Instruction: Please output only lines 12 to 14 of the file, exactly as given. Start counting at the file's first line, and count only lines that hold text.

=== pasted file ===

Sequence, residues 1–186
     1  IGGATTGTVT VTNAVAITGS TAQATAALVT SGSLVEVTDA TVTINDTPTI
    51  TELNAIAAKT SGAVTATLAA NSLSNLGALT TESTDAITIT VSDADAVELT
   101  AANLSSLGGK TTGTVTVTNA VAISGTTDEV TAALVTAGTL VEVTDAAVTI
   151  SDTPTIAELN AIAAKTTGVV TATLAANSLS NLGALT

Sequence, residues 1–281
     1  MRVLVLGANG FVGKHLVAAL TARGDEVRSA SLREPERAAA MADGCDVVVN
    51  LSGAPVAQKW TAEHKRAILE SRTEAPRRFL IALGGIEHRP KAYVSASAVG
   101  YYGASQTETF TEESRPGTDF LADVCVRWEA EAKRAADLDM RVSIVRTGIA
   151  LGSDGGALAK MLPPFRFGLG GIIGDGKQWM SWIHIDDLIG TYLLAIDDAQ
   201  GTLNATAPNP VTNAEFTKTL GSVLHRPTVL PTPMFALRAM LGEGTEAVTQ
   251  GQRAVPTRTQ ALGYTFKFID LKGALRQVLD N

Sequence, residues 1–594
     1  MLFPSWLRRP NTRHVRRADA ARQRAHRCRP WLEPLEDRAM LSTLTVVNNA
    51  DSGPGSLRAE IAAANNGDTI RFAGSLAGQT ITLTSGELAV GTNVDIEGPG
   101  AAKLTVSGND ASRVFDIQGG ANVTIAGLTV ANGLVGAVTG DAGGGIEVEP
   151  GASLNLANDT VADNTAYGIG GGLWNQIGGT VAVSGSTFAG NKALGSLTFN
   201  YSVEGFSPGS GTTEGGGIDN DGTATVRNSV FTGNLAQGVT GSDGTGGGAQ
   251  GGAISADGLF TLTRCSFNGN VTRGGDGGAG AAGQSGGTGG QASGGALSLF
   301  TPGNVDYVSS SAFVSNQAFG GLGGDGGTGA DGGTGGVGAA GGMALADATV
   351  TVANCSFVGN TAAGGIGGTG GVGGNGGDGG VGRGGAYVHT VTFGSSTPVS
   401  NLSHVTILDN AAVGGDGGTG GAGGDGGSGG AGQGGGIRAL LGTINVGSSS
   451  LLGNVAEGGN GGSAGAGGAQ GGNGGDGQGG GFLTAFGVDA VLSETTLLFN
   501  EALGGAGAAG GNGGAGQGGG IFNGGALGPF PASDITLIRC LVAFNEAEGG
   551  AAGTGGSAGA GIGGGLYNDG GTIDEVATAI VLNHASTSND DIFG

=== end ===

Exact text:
   251  GQRAVPTRTQ ALGYTFKFID LKGALRQVLD N

Sequence, residues 1–594
     1  MLFPSWLRRP NTRHVRRADA ARQRAHRCRP WLEPLEDRAM LSTLTVVNNA